The national average for a gallon of unleaded is just about four bucks – $3.99 according to AAA, to be exact. But the range of what folks are paying varies widely depending on where you are. Gas is $5.39 in Hawaii and $3.49 in Texas. How come?
It’s not exactly the same as the three most important things about real estate, but it turns out location matters a lot when it comes to how much you’re paying to fill up your gasoline tank.
“The two big things right now that are driving the differences in price that you see regionally, have a lot to do with differences in state taxes, and also the transportation component,” said Hugh Daigle, an associate professor at the University of Texas who teaches petroleum and geosystems engineering.
The transportation component Daigle is talking about is the cost involved in getting the gas from where it’s produced to where you buy it.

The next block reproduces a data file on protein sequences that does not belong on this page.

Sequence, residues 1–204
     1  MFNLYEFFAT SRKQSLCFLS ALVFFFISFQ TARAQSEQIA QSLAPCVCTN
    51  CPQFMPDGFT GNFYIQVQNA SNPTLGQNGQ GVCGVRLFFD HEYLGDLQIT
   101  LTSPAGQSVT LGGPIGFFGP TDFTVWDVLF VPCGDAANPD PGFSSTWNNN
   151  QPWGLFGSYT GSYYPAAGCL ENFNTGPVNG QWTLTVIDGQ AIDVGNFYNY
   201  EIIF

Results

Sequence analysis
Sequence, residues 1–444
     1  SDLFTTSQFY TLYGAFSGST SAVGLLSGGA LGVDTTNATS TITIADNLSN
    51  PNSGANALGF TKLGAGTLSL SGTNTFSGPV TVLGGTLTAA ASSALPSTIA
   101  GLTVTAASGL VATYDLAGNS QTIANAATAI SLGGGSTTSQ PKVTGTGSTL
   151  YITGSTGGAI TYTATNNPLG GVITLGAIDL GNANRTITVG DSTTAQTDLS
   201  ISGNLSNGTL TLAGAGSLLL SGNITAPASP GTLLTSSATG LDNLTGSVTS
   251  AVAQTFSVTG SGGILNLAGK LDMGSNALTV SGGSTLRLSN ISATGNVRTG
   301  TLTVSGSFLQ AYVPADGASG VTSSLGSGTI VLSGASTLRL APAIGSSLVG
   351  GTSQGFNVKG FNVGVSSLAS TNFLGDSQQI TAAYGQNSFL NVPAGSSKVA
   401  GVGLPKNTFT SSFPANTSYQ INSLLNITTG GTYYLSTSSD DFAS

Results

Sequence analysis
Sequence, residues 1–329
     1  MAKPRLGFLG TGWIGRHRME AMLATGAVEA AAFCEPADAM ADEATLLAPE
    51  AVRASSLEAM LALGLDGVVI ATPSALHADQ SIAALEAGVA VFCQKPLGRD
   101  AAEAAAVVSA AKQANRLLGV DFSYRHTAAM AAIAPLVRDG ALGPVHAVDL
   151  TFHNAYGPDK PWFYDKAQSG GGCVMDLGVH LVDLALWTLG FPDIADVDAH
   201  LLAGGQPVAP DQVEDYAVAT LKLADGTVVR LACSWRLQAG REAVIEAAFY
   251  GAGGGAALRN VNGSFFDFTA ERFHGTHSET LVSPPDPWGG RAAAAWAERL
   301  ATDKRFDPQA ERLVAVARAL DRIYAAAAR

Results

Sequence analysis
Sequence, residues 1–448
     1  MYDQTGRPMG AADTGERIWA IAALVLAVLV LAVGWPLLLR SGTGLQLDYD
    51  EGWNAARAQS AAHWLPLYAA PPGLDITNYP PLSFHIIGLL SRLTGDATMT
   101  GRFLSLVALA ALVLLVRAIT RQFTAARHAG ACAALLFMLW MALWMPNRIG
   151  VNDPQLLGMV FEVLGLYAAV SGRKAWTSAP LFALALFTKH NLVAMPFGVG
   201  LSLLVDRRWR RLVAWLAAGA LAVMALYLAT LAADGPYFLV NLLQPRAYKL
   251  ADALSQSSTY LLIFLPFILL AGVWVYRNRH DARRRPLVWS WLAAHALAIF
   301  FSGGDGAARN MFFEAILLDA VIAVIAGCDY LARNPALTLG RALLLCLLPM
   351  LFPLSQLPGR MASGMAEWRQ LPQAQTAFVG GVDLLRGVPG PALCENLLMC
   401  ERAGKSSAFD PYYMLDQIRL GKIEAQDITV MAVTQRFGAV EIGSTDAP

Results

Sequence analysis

On the Gulf Coast, refineries are relatively close to population centers — think Houston and New Orleans. But on the West Coast, refineries are more isolated and there’s less pipeline infrastructure. Which means higher gas prices aren’t just a California thing.
“Yeah even Oregon, Washington State, you’re still going to be subject to those transportation costs,” Daigle said.
Now, that’s the supply side of things. Akshay Rao at the University of Minnesota said there’s a demand element here, too.
“People buy gasoline, not because they like gasoline, right? Nobody goes window shopping for gasoline, it’s a means to an end, it provides the benefit. And the benefit is getting from point A to point B in a particular fashion,” Rao said.
Rao said it’s not just about getting there, it’s getting there in the way that fits your lifestyle- whether that’s a family taking kids to soccer practice in a minivan, or a contractor delivering lumber in their pickup, neither are necessarily the most fuel efficient vehicles out there.